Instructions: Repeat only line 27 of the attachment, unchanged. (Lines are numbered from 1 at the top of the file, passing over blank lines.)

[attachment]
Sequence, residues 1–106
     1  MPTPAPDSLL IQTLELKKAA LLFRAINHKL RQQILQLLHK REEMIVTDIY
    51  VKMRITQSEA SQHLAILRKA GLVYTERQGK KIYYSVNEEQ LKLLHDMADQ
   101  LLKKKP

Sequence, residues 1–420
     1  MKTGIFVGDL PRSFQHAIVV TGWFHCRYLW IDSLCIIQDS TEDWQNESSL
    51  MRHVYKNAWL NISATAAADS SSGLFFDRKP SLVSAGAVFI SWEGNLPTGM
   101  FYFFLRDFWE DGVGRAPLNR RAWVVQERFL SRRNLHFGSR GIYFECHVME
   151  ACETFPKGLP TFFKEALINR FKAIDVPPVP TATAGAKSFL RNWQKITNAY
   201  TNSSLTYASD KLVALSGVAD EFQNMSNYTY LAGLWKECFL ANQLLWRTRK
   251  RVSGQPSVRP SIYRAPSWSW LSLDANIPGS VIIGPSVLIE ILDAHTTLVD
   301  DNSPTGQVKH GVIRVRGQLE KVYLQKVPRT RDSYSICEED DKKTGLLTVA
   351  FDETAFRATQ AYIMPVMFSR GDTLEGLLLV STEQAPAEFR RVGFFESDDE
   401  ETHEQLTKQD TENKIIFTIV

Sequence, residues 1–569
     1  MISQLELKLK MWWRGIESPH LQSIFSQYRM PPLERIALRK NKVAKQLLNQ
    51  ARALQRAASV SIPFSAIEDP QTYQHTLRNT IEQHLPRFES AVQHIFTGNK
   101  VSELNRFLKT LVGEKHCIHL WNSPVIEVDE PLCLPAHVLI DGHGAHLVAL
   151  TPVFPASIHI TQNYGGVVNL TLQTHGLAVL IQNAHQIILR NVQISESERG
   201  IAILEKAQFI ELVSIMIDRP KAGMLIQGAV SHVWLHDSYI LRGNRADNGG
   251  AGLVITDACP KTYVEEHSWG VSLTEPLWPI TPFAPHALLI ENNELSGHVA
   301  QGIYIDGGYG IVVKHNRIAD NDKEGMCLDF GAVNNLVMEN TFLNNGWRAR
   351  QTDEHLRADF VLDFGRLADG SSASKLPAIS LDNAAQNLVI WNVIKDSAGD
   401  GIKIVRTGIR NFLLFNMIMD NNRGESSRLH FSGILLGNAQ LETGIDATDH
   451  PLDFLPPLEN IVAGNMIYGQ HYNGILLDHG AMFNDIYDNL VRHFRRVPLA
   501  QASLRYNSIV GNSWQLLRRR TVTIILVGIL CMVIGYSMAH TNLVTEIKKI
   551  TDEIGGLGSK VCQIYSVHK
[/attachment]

   551  TDEIGGLGSK VCQIYSVHK